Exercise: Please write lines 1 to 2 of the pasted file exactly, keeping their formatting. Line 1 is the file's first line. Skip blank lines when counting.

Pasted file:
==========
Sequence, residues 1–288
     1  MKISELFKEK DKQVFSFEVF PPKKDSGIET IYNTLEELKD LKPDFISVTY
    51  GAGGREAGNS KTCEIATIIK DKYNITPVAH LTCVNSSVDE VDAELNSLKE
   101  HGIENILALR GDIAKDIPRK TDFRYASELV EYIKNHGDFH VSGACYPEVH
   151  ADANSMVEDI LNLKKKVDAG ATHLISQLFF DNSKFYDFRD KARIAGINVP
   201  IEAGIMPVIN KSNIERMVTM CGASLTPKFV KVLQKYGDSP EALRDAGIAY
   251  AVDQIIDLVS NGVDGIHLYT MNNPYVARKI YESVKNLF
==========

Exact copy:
Sequence, residues 1–288
     1  MKISELFKEK DKQVFSFEVF PPKKDSGIET IYNTLEELKD LKPDFISVTY